I much prefer to watch Rugby, although I will concede that football is a far more attractive game per se. Where football can be graceful and even artistic, Rugby is brutal and slow. It's the difference between hitting a tennis ball and pushing a concrete block across a ploughed field, between riding a lightweight bike down a twisty road and driving a concrete mixer.
As a game to watch, football ought to win hands down. And yet I can't stand it - at least the big-money, televised version. I have stood in the cold and watched children's matches and village derbies and had a thoroughly good time. So what is it about the professional game that puts me off?
"Whut I do, ref?"
For me, it's the cry-baby whinging and the foot-stamping and the theatricals. Any mildly physical challenge in the penalty area, and the player will dive dramatically to the ground, roll over fourteen times clutching his ankle, and come to rest with a look of a crucified Christ on his face. From the visual evidence, the man is close to death, or at least a potential amputation and a long stay in hospital, and the opponent who so cruelly slashed him down is guilty of attempted murder at the very least. Once the penalty is awarded, the dead man is back on his feet, a token limp for the first three steps, and then he is back in the game, job done.
Some grand examples here. Some of them even twitch after the injury, as if they had damaged their central nervous system and were in the last throes of brain death:
When I learned the rules of football back in the Victorian era, the idea was that you played the ball, not the man, but as long as you were playing the ball, there was no foul, even if the guy fell over. Whatever happened to that bit of common sense?
When I see football, all I see is a bunch of massively-overpaid pansies (with names like Fibreglass and Cnxwgt and Alfonsiño) who can't play a simple physical game without bending the rules, playing for sympathy and gaming the referee. Why would I waste my time watching that? For some reason, this kind of thing is incredibly rare in Rugby. Players get smashed into like they have walked in front of a train, they get up, grin and carry on. If there is serious physical damage, a man comes on with a staple gun and MIG welder, and patches them up. I'm tempted to say that Rugby is a game for proper men, and footbal is for vain, over-rewarded poofs , so I will say it.
Over at Julia's place, she has a post on a similar theme, which made me think that this attitude is not confined to professional sport, but has worked its way into the whole of society. From the Mail, the story of a teacher who was 'forced' (always that word) to raise her voice in the classroom because of the noise of a nearby playground, developed problems with her throat and was 'forced' to resign. She sued her employers, and has been awarded £156,000 compensation.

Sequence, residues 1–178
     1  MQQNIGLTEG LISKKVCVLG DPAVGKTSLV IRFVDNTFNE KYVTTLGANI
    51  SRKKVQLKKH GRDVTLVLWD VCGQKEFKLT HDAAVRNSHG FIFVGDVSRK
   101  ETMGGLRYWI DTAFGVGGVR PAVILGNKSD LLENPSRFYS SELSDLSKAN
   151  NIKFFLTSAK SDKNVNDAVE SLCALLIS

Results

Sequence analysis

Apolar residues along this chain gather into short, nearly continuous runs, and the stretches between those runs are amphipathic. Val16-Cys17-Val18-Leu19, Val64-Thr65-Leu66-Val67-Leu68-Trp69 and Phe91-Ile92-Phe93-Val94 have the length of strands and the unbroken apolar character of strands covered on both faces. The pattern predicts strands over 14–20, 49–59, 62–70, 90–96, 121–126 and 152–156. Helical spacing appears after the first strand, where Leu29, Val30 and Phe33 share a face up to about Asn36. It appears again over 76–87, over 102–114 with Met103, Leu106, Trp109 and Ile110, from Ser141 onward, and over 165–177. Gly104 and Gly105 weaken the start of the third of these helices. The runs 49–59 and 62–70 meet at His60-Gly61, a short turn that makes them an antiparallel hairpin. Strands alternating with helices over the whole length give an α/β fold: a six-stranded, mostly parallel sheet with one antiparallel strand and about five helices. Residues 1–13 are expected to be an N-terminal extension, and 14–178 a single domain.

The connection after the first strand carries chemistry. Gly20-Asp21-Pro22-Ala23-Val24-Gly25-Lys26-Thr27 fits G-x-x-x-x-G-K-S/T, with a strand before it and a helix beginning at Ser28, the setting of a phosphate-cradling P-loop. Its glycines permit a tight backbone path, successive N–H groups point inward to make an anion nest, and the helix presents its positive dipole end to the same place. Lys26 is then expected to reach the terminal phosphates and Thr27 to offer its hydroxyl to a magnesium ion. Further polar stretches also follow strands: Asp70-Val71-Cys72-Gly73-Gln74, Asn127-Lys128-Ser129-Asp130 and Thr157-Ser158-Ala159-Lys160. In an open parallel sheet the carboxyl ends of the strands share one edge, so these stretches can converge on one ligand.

The 50-year-old says she now struggles to speak on the phone and suffers a sore throat and hoarseness when she raises her voice in noisy bars.As an ex-teacher with 18 years' classroom experience, I have a couple of observations:
Mrs Walters, who taught for 12 years, won a total of £156,000 in out-of-court settlements from her council after claiming she could never teach again.
- If the background noise was so great (both in volume and duration) as to make her damage her vocal cords, then surely her pupils would have suffered similar damage to their hearing. And if this went on over 12 years, why was this serious health risk not brought to the attention of the authorities much sooner?
- Any experienced teacher will tell you that a loud teacher is a bad teacher. We've all heard the screeching from a nearby classroom as Miss Binks tries to get control of 3Z. The occasional use of a loud voice is often necessary, but if it goes on over a whole lesson, you have to ask why. Was this never picked up in inspections and assessments?
Joanne Jefferies, a specialist in workplace injuries at law firm Irwin Mitchell who represented Mrs Walters, added: ‘Despite attempts to raise her concerns with her employer, she was ignored and it has resulted in this terrible, life-altering injury.
As Julia points out, a "terrible, life-altering injury" is the loss of a limb, or permanent disablement, or brain injury - not a sore throat. But the news is full of people who stub their toe, and then claim that they will never work again because of the pain and the disability. We are invited to feel sorry - ££££-worth of sorry - for people who have suffered things that most people shrug off as a minor inconvenience. The lawyers plead, the judges nod, and the claimant gets more cash than they know what to do with - paid for by the rest of us, in one way or another.
I despise this attitude, and it's why I hate football too. Stub your toe, cry to mummy about how it's so unfair, get a sweetie, and run off to play in the sunshine. Why can't we just grow up?
It's a attitude skewered very well by Michael Bywater in his excellent book Big Babies, which I recommend to you.
 Poofs, as in lily-livered Fotherington-Thomases, not as in people of a homosexualist persuasion. I couldn't care less what they get up to in the changing room. Just so you know.